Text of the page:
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Title: Effects of exercise training on anxiety in diabetic rats
Authors: Çalışkan, Hasan
Akat, Firat
Tatar, Yakup
Zaloğlu, Nezahet
Dursun, Ali Doğan
Baştuğ, Metin
Fıçıcılar, Hakan
Keywords: Diabetes
Open field test
Elevated plus maze
Issue Date: 30-Oct-2019
Publisher: Elsevier B.V.
Source: Caliskan, H., Akat, F., Tatar, Y., Zaloglu, N., Dursun, A. D., Bastug, M., & Ficicilar, H. (2019). Effects of exercise training on anxiety in diabetic rats. Behavioural brain research, 376, 112084.
Abstract: Diabetes mellitus (DM) is a common health problem, which manifests itself with chronic hyperglycemia and impaired insulin action. The prevalence of anxiety disorders tends to be high in the diabetic population. Exercise has a well-known anxiolytic effect, also demonstrated on rodents, but the effect of exercise on the DM-induced anxiety is still unknown. Female, Wistar albino rats were randomly divided into four groups (n=8) (C; EX; DM; DM+EX). DM was induced by injection (i.p.; 50 mg/kg) of Streptozotocin (STZ). Rats exercised in moderate intensity on the treadmill (15m/min; 5°; 30 min) for 5 weeks. Anxiety-like behavior (ALB) was evaluated by Open field test (OFT) and Elevated Plus Maze (EPM). According to OFT, central time and central entry have increased with in EX but not in DM+EX. There was no difference between C and DM. Central latency time didn't differ among groups. Unsupported rearing increased in both EX and DM+EX. There was no significant decrease in DM. Freezing time was significantly increased in the DM group. Exercise training reduced freezing time both in diabetic and non-diabetic animals. EPM results were similar. Time spent in open arm was increased significantly in exercise groups compared to their sedentary matches, and freezing time data were also parallel to OFT. Our study revealed that diabetes had shown an anxiogenic effect, which was not severe, and it only manifested itself on some behavioral parameters. Exercise training was reduced anxiety-like behavior both in diabetic and non-diabetic rats. However, because of the nature of exercise studies, it is hard to separate the anxiolytic effect of exercise from the alteration of locomotion.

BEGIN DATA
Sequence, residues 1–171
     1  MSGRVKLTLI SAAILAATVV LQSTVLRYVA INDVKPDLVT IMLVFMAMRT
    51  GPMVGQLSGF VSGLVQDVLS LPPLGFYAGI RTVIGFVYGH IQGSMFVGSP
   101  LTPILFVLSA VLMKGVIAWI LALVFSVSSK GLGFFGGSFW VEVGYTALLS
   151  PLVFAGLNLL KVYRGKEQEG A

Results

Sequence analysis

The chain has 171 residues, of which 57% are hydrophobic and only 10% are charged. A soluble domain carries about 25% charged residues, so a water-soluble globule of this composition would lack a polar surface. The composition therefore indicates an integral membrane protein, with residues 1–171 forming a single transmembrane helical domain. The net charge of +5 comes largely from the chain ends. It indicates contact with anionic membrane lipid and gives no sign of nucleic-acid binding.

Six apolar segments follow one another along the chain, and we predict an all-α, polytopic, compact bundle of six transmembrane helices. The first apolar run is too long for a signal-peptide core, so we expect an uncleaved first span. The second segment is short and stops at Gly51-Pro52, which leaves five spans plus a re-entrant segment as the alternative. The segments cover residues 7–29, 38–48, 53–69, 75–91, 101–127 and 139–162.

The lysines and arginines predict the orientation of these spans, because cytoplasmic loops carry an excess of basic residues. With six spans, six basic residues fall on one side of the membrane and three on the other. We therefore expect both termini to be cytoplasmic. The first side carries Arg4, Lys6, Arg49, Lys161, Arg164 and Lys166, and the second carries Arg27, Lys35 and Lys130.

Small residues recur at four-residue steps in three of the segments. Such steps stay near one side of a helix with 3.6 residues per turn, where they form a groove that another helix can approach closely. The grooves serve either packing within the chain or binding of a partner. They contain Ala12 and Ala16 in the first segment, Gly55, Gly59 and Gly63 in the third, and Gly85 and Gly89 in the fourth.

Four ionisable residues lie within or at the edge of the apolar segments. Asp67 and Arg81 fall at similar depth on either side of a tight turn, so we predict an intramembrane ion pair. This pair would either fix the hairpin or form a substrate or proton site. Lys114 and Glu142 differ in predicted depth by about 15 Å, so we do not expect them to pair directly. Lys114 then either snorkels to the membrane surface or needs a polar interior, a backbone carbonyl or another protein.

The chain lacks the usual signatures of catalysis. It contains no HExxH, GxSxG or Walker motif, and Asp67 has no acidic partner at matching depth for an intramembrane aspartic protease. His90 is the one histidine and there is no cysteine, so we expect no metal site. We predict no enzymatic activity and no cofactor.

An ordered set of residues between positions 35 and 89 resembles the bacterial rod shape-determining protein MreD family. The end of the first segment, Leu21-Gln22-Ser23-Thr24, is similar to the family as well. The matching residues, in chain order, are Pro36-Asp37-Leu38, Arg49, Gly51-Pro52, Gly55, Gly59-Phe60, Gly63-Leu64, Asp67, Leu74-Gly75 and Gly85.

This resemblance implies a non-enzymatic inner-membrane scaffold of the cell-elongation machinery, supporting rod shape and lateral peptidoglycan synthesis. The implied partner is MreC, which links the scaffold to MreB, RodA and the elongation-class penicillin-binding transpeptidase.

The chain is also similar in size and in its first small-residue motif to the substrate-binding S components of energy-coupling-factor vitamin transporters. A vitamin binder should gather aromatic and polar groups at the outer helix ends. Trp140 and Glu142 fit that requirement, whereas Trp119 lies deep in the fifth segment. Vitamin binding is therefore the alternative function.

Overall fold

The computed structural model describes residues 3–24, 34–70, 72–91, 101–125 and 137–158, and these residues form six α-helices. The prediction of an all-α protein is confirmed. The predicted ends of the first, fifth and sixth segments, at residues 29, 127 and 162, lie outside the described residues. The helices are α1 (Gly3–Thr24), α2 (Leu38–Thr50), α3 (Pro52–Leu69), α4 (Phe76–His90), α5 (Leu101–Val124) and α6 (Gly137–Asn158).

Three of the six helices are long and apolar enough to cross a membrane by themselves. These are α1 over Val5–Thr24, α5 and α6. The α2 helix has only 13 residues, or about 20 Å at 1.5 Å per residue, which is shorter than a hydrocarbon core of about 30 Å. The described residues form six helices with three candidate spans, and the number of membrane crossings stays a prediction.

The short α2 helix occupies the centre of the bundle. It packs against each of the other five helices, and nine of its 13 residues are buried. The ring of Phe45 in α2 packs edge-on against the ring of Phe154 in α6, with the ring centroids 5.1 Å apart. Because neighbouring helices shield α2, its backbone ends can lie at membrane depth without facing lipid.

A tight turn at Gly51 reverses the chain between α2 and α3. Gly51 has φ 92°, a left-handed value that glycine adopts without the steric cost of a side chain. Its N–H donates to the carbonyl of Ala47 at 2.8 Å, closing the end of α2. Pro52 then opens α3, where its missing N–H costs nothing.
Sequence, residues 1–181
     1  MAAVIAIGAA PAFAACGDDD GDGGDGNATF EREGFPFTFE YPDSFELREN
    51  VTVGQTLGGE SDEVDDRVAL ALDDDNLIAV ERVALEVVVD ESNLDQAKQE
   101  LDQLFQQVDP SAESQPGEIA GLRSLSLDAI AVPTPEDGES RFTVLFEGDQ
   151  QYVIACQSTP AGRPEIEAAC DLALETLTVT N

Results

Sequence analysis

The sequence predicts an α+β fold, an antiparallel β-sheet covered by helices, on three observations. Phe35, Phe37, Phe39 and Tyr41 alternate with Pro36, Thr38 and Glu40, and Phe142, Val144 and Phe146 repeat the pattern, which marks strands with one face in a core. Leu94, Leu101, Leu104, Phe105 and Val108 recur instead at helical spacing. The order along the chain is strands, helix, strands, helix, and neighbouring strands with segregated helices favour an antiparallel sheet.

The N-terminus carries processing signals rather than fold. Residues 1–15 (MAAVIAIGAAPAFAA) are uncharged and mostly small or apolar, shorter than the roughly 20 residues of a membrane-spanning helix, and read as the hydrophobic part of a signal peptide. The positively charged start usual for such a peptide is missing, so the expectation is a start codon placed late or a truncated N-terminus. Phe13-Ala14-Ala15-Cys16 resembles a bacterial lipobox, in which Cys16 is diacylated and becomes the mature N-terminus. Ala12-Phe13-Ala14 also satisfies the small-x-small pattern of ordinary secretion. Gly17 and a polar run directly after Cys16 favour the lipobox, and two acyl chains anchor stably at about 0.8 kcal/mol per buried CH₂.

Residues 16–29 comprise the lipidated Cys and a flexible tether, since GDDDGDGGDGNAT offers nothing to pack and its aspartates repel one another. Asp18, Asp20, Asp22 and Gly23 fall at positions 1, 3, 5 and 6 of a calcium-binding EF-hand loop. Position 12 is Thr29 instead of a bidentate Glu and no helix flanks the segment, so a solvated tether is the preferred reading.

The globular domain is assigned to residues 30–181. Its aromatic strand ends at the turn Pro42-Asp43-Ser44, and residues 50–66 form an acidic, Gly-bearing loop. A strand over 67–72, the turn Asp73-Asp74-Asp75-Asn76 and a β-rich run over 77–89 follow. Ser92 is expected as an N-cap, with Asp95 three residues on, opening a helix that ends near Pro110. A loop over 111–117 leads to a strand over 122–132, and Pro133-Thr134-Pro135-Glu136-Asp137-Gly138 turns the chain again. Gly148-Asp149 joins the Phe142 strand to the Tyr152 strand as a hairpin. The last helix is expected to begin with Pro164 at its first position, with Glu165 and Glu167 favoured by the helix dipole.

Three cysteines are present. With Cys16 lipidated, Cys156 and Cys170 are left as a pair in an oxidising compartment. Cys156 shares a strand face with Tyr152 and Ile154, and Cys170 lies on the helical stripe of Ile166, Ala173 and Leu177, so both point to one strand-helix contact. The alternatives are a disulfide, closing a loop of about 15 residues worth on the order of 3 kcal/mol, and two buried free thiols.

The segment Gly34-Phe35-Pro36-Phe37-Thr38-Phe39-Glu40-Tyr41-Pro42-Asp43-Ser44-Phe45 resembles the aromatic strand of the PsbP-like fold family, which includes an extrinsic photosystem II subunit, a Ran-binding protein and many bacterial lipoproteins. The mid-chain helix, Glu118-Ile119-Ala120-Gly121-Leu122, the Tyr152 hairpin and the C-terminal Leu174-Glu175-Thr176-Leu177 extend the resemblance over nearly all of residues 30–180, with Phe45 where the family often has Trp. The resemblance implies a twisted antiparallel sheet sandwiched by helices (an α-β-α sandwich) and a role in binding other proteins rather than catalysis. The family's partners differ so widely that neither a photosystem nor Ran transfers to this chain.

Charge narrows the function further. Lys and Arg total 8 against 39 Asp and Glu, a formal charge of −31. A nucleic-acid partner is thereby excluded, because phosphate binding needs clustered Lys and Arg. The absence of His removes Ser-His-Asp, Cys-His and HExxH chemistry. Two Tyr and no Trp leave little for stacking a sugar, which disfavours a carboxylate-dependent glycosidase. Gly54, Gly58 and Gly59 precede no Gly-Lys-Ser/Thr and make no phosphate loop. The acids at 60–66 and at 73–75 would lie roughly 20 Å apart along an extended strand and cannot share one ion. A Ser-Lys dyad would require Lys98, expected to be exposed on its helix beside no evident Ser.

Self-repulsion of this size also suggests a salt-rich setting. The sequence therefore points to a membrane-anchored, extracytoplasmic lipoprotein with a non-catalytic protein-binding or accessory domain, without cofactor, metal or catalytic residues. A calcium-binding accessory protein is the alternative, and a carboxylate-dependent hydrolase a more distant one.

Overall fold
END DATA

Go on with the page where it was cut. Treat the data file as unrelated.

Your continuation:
ISSN: 0166-4328
Appears in Collections:PubMed İndeksli Yayınlar Koleksiyonu / PubMed Indexed Publications Collection
Scopus İndeksli Yayınlar Koleksiyonu / Scopus Indexed Publications Collection
Temel Tıp Bilimleri Bölümü / Department of Basic Medical Sciences
WoS İndeksli Yayınlar Koleksiyonu / WoS Indexed Publications Collection

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